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February 23, 2010 at 3:36 PM

Ichiro feels “character” and “chemistry” are crucial strengths the Mariners finally excel in

Ichiro was about to take part in the 300-yard shuttle run earlier today when Ken Griffey Jr. grabbed him at the start line just as his group got the green light. The Japanese leadoff star howled in protest as Griffey held him for several seconds, not letting him catch up to the others he was running with.
Later on, Ichiro finally did catch up, but Griffey kept hounding him. “He didn’t touch the line,” Griffey can be heard complaining to trainer Rob Nodine in the video footage we show you below as part of today’s wrap up. Later, you can hear Griffey telling a tired Ichiro, as he lies on the ground breathing heavily, “That’s what happens when you get old.”

Ichiro has no problem with the taunts and pranks from Griffey, though. It’s clear this is some of the most fun he’s ever had as a ballplayer, something he alluded to afterwards in speaking to reporters for the first time since arriving in camp.
“Being back in Japan for most of the off-season, I had a lot of guys around me who gave me a lot of good information about about who we acquired,” Ichiro said through interpreter Antony Suzuki. “…I followed that very well. Being with Jack (Zduriencik) and (Don) Wakamatsu for, it’s my second year now, I know how they feel about what we need now. I think they look not only at potntial, but also the character of each player. And what we need to fill in when you look at chemistry as well. For the team and in the clubhouse. I believed that he (Zduriencik) would make a good move, and I believe this team right here will be a great team chemistry-wise as well. Not just in the potential of the talent.”
That’s a big change over 2008, when, as we’ve documented extensively, there were a ton of clubhouse problems and a lot of folks pointing fingers at Ichiro. The new regime, under Zduriencik, has purged that club of all but five players — Ichiro, Felix Hernandez, Jose Lopez, Mark Lowe</strong and Erik Bedard — that began the season in 2008. It wasn’t an accident.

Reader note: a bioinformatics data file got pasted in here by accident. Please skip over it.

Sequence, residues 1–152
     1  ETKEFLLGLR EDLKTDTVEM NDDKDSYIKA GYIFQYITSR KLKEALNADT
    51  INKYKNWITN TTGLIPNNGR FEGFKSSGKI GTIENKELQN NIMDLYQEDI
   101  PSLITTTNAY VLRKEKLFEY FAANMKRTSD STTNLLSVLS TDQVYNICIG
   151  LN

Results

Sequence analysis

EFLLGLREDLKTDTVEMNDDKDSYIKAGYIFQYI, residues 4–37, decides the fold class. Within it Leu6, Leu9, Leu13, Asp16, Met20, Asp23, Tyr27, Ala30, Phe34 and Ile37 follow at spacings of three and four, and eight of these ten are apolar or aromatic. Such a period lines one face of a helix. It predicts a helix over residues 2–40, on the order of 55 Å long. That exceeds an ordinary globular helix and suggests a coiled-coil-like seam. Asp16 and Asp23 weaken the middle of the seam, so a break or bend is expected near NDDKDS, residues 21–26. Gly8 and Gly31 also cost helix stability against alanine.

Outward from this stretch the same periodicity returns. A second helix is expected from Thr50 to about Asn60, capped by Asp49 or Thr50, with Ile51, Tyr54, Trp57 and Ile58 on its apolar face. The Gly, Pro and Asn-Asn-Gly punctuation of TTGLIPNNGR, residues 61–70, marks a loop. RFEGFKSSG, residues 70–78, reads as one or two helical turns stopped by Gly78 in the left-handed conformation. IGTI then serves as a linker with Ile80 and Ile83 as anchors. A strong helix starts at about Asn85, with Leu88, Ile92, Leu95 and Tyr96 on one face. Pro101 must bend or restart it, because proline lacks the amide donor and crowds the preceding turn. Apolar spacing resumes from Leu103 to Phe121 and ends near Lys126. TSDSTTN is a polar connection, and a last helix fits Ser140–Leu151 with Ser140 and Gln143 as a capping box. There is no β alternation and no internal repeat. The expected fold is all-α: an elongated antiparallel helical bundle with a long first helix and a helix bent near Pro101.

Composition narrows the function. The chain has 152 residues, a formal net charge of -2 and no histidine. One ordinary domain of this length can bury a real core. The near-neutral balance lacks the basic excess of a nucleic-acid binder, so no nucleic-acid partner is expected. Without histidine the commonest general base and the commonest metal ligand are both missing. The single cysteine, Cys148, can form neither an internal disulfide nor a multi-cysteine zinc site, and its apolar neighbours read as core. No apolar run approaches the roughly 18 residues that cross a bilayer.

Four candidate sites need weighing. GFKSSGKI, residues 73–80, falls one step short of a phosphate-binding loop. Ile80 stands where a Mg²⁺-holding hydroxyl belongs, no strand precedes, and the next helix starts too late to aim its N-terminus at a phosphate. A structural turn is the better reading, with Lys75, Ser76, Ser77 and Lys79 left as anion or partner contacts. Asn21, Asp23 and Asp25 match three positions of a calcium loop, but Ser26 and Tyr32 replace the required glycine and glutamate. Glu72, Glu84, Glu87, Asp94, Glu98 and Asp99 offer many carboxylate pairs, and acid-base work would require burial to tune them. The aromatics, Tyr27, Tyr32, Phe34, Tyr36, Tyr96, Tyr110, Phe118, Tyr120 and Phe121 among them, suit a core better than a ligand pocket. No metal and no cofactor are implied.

And it’s no coincidence that Ichiro just might feel as happy and excited about this team and coming season as any he’s played with since his 2001 debut in the majors.
“That’s hard to say, because that’s how we feel every year,” he said. “That’s the approach we have every year. That’s the mindset we have as well. But before, in the past, I could say that I’ve intentionally tried to have that feeling, whereas this year, I’m more natural towards being very excited, looking forward to this new season. Because of all the new moves and the experience we had last season.”

And of course, Griffey has plenty to do with that. When Ichiro heard Griffey was coming back for another season, he shipped him over a barrel full of Japanese sake wine.
“The main reason why he came back was to joke around with me more and do more pranks with me,” Ichiro said, tongue-in-cheek. “And that’s good for myself and for the team, so that’s probably the main reason he came back. I wasn’t missing it but I was prepared for it.”
Griffey did not take part in the shuttle run for a second straight year. Instead, he arrived in a golf cart just as the groups were beginning their first in a series of two runs. From there, he clapped mock encouragement and even joined some groups in running the final 30 yards or so of their sprints.
“That’s bull—!,” Ichiro called out as Griffey began tagging along for the final few yards of his run.
Ichiro agrees there will be higher expectations on the team this season.
“Of course, because we made good moves and have bigger expectations and that’s what we have to play to,” he said. “And that’s something we’re going to have to be aware of as well. And I’m personally aware of that. So, of course we’re going to have to play to expectations and we need more expectations from here on.”
On the acquisition of Chone Figgins, one of the best leadoff men in baseball last season, Ichiro said: “He’s a great player. Even if he were to hit behind me, I’m just happy that he’s not on the other side of the field.”
Ichiro added: “He could become an infielder and an outfielder and he’s a great hitter as well. When you look at me, I can hit and play outfield but not play infield. So, I think he’s got an edge over me.”
Then, he quipped: “But I can pitch.”

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